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Yellen Considers Higher Interest Rate

  • VOA News

Federal Reserve Chair Janet Yellen at the Economics Club of Washington, Dec. 2, 2015.

Federal Reserve Chair Janet Yellen at the Economics Club of Washington, Dec. 2, 2015.

The head of the U.S. central bank says she expects the U.S. job market to continue improving, and the rate of inflation to rise closer to the Federal Reserve's two percent target rate.

Many economists interpret that as a signal that Fed officials will raise the key interest rate on December 16, a change that has been under consideration for a long time.

In a speech to the Economic Club of Washington on Wednesday, Fed Chair Janet Yellen said she expects the economic drag from the strong U.S. dollar and faltering foreign markets to diminish over time. She cautioned that bad economic reports could still delay a rate increase. The next major economic report comes Friday, and it is expected to show the unemployment rate at a relatively low five percent, with a net gain of 190,000 jobs nationwide.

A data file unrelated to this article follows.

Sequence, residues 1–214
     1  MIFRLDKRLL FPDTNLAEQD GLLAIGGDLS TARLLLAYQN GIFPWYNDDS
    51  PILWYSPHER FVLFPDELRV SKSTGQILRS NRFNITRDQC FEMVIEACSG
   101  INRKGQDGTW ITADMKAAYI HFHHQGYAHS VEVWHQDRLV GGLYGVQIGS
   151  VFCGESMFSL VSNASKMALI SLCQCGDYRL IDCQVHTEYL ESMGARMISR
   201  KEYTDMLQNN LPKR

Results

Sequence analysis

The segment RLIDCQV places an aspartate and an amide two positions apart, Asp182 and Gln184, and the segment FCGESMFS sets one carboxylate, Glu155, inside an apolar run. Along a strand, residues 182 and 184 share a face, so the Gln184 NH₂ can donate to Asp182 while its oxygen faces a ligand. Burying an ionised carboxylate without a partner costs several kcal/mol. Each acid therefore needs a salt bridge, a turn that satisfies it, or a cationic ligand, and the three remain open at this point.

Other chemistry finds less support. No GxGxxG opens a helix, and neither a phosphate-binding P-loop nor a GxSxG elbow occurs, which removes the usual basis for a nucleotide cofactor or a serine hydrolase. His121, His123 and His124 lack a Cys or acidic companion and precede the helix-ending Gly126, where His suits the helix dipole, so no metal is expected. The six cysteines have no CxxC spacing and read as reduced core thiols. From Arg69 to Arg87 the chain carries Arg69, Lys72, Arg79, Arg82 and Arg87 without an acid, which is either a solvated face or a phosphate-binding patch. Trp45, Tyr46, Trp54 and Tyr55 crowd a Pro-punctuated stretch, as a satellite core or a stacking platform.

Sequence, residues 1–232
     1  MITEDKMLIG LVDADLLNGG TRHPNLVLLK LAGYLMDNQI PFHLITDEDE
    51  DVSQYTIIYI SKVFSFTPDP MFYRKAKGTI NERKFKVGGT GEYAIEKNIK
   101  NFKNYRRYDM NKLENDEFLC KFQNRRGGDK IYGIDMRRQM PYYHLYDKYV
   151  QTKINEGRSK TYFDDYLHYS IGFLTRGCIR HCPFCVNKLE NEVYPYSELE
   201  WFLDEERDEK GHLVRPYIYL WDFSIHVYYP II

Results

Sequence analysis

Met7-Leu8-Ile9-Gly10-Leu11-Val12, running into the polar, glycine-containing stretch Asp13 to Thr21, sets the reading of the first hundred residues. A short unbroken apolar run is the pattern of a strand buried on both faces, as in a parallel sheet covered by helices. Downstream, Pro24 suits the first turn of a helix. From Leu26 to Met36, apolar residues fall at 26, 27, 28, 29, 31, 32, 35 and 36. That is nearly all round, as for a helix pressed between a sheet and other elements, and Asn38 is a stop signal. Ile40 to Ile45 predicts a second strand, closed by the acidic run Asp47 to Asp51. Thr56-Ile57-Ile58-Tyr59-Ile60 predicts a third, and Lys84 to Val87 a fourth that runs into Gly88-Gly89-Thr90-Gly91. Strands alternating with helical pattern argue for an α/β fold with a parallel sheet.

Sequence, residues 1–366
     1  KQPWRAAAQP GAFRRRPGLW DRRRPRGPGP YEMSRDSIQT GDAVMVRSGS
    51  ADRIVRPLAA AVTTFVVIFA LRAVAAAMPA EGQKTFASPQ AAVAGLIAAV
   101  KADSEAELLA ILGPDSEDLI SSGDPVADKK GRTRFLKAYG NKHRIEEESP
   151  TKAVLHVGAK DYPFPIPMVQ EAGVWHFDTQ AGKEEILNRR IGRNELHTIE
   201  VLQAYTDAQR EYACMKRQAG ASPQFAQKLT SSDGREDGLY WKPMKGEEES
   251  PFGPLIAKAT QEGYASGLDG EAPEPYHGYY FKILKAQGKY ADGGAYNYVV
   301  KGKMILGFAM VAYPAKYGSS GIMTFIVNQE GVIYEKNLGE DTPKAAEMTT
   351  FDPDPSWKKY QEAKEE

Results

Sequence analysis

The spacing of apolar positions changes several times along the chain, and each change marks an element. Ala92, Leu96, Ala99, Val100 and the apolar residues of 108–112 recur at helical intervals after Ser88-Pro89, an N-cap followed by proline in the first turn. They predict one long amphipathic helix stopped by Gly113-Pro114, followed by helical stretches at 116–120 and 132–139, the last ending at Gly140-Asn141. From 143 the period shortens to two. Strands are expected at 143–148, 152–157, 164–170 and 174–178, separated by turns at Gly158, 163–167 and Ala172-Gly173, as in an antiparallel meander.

The Federal Reserve cut a key interest rate to a record-low near zero during the financial crisis. The idea was to make it cheaper for business to borrow the money needed for new equipment, create jobs, and cut unemployment. Since the stimulus effort, unemployment has fallen from 10 percent to five percent, and a new report from Georgetown University says under-employment has also been cut sharply, particularly for people with college degrees.

Some economic studies published Wednesday may increase the likelihood of a rate hike. ADP, a company that processes 24 million paychecks for companies across the United States, says employment rose by 217,000 in November. A separate Gallup survey of U.S. workers shows the number saying their companies are hiring is far higher than the number worrying about layoffs.

CoreLogic, which tracks the housing industry, says its newest analysis shows a decline in the portion of home sales due to foreclosure or other kinds of distress. Foreclosures and other problems soared during the financial crisis, so a decline in "distressed" sales shows an improving housing sector.

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